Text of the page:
Campaigners have claimed the code does not create a level playing field between pub tenants, with tied tenants put at a disadvantage by loopholes in the code.
In a letter to the BEIS minister, Richard Harrington, Reeves said larger pub chains have been allowed to intimidate tenants into agreeing to poor terms, since its introduction in July 2016.
This follows the sending of a letter from the British Beer & Pub Association (BBPA)’s chief executive Brigid Simmonds to Harrington making clear the conditions pubcos would agree to in order to waive confidentiality on the publication of arbitration decisions.
'Two years on'
“The pubs code was supposed to give tenants more rights and greater protection when dealing with the large pub companies that own tied pubs,” said Reeves.
“Two years on, the reality is that neither tenants nor pubs companies are satisfied that it is working.”
She argued some pub giants are “gaming the system”.
“There is evidence, acknowledged by the pubs code adjudicator, that some of the big pub companies, such as Greene King and Ei, are gaming the system.
'Bullying pub tenants'
“The fear is that big business is bullying pub tenants up-and-down the country by pushing them into accepting poor terms. Profits are being hoovered up by these pub giants while the efforts to break free of the tie by these small, local businesses are being frustrated at every turn.”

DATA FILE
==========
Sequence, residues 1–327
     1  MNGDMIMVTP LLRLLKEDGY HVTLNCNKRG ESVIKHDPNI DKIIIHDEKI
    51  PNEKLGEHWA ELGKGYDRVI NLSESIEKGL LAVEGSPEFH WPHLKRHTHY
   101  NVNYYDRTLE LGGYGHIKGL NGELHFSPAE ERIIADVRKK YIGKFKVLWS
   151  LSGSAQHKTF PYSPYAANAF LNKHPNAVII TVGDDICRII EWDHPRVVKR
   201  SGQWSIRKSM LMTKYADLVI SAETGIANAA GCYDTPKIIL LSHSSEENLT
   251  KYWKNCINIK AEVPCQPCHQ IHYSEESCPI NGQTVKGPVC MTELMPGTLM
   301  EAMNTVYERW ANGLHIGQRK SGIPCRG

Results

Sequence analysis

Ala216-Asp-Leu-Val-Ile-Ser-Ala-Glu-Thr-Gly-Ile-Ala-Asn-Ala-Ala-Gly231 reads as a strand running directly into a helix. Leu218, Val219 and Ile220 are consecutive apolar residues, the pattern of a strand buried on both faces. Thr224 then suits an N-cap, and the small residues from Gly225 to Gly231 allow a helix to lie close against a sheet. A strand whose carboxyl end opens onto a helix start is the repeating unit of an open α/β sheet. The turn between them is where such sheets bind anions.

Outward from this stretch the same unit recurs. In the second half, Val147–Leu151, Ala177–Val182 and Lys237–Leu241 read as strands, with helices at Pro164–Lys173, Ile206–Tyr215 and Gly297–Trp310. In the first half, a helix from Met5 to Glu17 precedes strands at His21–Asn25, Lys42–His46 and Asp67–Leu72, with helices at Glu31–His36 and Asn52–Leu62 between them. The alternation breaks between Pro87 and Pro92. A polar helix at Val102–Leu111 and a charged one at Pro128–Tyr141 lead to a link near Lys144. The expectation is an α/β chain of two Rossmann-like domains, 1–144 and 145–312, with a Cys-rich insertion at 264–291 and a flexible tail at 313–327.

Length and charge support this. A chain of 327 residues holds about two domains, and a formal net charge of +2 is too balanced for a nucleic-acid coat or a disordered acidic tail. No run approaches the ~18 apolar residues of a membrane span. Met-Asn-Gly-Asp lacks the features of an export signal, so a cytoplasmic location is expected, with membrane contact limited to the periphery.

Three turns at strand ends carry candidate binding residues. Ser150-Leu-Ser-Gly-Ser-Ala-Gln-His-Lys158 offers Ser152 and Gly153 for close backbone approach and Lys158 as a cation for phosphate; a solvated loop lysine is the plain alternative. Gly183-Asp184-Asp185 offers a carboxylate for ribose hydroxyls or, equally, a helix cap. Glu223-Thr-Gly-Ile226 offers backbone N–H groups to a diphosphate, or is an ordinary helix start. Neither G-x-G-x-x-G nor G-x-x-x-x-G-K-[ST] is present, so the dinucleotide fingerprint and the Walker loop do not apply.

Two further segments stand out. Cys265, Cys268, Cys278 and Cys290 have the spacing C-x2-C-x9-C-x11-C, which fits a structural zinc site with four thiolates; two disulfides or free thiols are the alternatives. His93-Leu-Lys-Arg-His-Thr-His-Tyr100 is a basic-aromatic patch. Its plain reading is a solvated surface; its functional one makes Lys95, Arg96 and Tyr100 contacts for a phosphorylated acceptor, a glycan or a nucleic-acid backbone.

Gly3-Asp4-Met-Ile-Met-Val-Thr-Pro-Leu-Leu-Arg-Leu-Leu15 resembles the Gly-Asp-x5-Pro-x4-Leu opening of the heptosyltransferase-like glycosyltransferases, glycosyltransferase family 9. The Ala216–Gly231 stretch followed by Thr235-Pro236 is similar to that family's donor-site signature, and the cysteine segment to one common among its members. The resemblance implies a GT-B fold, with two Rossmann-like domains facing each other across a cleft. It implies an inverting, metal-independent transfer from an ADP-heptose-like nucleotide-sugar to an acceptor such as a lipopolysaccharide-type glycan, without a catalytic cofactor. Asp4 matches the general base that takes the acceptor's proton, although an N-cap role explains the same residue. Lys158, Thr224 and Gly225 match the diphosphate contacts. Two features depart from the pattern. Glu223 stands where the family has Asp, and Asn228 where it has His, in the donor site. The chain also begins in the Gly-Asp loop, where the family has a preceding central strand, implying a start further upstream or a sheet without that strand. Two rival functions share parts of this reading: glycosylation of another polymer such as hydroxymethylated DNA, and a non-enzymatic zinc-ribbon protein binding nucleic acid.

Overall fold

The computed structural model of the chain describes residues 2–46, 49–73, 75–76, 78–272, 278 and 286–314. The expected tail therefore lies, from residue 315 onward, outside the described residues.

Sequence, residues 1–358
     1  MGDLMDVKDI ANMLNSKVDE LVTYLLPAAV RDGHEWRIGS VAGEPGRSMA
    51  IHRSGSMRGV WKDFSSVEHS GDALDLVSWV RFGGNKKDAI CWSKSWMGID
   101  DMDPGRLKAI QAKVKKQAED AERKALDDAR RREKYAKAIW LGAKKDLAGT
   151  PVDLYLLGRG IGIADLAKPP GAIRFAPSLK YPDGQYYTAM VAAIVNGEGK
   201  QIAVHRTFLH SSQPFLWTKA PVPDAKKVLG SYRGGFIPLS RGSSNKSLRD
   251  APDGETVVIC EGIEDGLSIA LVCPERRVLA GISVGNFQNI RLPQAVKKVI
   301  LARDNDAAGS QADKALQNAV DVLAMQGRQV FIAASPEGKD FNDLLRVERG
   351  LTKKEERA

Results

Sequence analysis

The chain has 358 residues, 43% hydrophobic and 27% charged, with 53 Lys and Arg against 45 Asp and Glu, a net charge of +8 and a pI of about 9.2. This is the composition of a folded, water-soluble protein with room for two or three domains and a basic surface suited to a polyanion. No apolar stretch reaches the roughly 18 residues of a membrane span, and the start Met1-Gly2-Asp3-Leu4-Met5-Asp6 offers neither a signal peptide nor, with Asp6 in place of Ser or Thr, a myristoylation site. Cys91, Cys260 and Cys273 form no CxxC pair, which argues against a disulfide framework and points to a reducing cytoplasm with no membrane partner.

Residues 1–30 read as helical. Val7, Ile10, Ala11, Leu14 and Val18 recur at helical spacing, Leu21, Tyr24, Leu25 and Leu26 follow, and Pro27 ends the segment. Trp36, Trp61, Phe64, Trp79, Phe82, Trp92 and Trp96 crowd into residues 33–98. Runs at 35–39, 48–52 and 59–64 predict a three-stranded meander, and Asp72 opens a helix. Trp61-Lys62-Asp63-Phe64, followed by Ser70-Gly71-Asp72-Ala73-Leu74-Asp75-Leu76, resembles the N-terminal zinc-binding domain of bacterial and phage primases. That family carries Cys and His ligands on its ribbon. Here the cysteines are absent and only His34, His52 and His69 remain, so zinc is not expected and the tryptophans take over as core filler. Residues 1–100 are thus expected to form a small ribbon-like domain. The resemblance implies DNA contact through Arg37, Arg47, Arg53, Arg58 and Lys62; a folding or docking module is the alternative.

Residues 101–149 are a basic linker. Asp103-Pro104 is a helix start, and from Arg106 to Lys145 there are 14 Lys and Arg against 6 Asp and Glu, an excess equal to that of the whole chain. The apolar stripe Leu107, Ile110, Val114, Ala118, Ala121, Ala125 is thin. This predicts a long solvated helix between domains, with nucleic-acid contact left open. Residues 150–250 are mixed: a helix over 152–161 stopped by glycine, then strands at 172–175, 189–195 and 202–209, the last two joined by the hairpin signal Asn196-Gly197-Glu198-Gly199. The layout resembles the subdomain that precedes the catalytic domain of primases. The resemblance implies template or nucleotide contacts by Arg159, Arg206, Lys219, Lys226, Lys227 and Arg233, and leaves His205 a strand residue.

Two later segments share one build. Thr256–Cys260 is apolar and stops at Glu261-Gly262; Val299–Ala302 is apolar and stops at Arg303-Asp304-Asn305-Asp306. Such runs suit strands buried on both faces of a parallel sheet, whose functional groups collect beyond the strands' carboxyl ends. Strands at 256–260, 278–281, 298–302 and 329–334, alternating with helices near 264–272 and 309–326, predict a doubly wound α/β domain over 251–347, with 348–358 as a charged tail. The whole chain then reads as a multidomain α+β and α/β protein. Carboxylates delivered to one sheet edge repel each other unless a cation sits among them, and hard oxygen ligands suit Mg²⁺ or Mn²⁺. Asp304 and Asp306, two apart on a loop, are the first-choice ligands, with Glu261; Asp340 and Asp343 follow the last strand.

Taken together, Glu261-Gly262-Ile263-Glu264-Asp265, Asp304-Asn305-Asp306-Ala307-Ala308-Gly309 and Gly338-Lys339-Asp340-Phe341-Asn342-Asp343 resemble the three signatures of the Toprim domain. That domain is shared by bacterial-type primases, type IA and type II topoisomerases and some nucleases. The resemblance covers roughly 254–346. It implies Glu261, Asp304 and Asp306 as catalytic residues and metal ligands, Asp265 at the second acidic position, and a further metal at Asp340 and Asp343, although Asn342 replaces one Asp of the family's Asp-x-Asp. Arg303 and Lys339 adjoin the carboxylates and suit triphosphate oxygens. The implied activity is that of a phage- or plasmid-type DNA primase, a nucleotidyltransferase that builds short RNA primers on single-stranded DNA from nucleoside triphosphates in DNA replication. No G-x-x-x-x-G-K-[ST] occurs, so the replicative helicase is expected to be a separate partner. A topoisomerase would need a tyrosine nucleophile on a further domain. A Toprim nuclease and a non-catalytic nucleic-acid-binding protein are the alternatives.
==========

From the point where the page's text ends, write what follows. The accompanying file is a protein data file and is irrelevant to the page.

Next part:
Reeves urged the minister to push the pubs code adjudicator to resolve the code’s failures and said a review could not wait until next year.
“I urge the Minister to put pressure on the pubs code adjudicator to tackle these failings in how the pubs code is currently operating. The PCA needs to get the pub companies to act now to ensure they cooperate with the code and not just sit on its hands and wait for the review next year.
“If the Minister and the PCA are not able to deliver progress in ensuring the code works in the way parliament intended, parliament will need to revisit this issue and determine whether further legislative changes are required to protect pub tenants.”
An urgent review of the code has also been supported by the shadow business minister, Gill Furniss, who said the code does not treat smaller pubs fairly, and CAMRA, which maintains that gaps in the legislation are exploited.
A spokesperson for Ei Group said it would continue to work with the PCA to secure a positive result.
"Ei Group has worked hard over the last two years to support our publicans as they navigate what is a highly complex pubs code," they said.
"We have engaged widely with all stakeholders, including the Pubs Code Adjudicator, and will continue to do so with the clear aim of securing clarity and a successful outcome for our publicans, for Ei Group and for the wider pubs industry.